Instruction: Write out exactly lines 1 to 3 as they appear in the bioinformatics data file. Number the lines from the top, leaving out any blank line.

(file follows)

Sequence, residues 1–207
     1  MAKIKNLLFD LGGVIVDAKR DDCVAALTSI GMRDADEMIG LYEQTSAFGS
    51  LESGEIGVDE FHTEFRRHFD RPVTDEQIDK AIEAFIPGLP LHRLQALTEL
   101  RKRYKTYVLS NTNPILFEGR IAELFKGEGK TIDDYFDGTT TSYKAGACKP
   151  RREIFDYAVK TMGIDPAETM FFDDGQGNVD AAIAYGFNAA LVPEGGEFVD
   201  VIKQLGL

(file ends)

Sequence, residues 1–207
     1  MAKIKNLLFD LGGVIVDAKR DDCVAALTSI GMRDADEMIG LYEQTSAFGS
    51  LESGEIGVDE FHTEFRRHFD RPVTDEQIDK AIEAFIPGLP LHRLQALTEL